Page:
-- Michael (email)
I recommend a look at the following web site to see weather information presented in a dense, intuitive and value-packed way. There are layers of information in these charts that take a while to appreciate, such as the way shading indicates dawn and dusk.
I'm not acquainted with the author of these pages but I admire and use their work often. What's especially interesting is the rate at which they're improving and adding to the charts.
-- David (email)
Oddly enough, the graphic display of weather icons has been an obsession of mine for years.
In my academic career,I have studied social work with an emphasis on meta-level research methodologies. In the future, I plan on focusing on the application of analytical design as well as other industrial design rudiments to social services research with the ultimate goal of developing software that will combine large quantitative data sets in order to quantify social needs (as well as how well these needs are met) for large geographic locations as well as display the information in a novel and intuitive way.
This pursuit has led me in an artistic path as well (as, i have come to find, many of those of us interested in analytical design are also interested in the inherent aesthetic value of such work). This path has resulted in the creation of an artpiece composed of the graphical representation of the weather of every day of my life.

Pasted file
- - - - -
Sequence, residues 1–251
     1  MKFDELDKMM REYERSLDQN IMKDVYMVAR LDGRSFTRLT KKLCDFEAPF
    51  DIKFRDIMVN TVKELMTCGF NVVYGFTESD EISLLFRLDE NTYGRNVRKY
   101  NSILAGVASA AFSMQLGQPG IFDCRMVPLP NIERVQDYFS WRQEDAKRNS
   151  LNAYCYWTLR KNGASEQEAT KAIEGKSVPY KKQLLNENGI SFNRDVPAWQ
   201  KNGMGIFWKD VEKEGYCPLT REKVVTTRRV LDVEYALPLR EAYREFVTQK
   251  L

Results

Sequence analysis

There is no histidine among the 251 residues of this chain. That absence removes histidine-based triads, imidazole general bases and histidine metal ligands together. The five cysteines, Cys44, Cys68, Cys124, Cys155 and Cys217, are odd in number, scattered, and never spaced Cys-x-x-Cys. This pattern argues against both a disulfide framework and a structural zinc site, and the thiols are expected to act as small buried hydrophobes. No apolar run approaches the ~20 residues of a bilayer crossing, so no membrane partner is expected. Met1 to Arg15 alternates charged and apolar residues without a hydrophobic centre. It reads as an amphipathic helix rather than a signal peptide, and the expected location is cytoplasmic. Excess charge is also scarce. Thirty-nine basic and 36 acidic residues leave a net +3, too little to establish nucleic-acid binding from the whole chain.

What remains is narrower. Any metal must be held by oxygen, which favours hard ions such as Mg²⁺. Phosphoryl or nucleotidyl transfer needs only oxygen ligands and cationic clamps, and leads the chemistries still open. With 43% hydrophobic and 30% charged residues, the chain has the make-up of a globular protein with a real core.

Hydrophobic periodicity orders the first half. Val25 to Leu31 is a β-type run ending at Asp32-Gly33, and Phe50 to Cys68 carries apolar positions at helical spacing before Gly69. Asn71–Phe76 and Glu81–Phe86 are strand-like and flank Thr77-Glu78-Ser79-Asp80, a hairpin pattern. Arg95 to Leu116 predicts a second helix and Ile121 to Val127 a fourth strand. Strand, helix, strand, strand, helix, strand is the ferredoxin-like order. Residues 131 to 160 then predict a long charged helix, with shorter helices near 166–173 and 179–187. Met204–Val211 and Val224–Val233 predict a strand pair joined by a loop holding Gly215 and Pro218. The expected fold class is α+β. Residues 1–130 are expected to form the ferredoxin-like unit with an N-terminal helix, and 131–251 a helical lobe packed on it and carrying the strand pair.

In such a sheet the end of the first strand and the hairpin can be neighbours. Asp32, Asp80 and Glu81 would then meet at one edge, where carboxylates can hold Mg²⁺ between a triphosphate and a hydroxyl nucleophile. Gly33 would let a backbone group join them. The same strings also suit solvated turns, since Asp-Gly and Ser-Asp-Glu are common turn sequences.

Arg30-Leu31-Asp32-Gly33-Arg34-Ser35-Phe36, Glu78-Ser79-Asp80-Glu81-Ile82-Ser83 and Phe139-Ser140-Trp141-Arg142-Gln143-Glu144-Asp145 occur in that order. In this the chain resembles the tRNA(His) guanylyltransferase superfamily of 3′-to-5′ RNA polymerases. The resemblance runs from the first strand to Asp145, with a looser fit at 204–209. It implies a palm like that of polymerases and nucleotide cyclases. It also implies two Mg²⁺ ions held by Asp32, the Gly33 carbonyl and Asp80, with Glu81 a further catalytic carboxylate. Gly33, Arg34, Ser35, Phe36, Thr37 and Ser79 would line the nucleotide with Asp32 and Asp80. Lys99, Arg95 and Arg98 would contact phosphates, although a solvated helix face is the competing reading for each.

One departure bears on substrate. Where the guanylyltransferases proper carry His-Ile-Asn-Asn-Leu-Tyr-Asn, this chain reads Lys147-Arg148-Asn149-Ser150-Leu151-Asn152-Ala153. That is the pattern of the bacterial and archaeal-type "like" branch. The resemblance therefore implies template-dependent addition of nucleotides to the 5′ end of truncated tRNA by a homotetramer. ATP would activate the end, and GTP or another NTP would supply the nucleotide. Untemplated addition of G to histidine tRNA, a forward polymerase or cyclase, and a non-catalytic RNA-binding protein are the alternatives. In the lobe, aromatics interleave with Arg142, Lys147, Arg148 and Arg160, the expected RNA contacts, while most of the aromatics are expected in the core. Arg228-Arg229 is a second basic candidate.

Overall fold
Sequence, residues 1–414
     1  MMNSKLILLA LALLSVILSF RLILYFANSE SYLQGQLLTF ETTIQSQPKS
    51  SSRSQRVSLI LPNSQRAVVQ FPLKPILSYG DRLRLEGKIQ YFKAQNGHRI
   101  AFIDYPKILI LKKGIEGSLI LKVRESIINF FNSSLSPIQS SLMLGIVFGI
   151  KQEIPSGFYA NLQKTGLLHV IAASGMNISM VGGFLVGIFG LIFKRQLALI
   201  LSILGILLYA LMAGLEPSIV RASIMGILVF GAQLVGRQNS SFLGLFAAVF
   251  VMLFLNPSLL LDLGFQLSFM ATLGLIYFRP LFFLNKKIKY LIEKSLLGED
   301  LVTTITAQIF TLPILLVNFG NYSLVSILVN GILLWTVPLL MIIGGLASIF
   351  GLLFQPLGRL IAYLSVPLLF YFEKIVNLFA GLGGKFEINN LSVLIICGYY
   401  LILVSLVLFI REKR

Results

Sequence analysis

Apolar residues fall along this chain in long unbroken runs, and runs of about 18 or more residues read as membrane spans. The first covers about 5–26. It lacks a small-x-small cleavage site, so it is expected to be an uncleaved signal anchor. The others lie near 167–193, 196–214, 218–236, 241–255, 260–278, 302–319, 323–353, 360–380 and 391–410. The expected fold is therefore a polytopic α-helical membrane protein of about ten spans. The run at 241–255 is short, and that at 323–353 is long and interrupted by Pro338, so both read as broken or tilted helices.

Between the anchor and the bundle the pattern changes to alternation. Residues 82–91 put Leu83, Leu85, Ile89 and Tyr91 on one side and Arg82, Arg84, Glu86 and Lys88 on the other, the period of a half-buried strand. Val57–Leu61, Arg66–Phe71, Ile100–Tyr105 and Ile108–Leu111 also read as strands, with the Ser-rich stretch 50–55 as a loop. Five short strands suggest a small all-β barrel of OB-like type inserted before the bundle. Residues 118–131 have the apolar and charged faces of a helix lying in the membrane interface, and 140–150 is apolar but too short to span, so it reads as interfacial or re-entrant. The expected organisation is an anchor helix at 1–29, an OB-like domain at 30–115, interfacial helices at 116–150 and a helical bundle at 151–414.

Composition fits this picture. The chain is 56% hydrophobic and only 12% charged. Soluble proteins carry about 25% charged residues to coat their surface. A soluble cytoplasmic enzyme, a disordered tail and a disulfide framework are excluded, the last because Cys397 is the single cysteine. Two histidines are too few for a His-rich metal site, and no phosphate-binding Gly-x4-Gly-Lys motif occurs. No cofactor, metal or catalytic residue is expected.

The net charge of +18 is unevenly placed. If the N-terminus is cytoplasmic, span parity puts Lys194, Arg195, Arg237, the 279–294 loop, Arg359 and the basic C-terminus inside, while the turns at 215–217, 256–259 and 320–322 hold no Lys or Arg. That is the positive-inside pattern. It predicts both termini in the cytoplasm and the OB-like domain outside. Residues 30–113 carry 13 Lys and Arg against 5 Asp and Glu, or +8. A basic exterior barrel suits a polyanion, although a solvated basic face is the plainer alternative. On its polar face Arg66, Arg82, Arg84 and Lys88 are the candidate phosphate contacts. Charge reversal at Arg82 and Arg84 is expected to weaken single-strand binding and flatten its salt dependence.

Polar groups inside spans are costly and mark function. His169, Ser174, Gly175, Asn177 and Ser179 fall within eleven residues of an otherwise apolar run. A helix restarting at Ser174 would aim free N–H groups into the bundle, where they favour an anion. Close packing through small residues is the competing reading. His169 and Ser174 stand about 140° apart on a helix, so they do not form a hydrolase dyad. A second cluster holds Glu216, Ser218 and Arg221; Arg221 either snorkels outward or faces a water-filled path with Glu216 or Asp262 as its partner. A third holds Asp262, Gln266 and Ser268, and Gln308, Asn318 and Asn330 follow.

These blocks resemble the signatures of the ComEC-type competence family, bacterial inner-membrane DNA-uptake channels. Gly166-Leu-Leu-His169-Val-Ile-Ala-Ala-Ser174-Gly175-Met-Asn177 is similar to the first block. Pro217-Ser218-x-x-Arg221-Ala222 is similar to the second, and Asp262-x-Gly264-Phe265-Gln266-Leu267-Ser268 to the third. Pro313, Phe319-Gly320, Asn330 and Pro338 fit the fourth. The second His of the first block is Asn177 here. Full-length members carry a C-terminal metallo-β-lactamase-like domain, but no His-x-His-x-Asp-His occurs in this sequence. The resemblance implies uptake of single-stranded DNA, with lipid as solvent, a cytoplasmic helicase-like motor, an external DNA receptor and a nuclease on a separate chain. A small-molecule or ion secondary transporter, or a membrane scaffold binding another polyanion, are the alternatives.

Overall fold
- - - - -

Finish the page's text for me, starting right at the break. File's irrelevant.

therefore, i have given a huge amount of thought to how best, and most simply, to graphically represent basic weather trends.
Research into the weather of my life led to many hours spent looking at archived newspapers and, therefore, exposure to many variations on the basic icons and symbols used over the years.
The literal goal of such a work is to communicate the data set effectively; therefore, each symbol must accurately display the basic conditions of "snow" or "windy." Imagine if the proposed icons above were placed out of context; i cannot imagine they would accurately communicate the information (specifically the last series, which i feel scales badly).
-- Christopher Lyden (email)
Weather on Wolfram Alpha
The temperature output chart from Wolfram Alpha.
-- Tchad (email)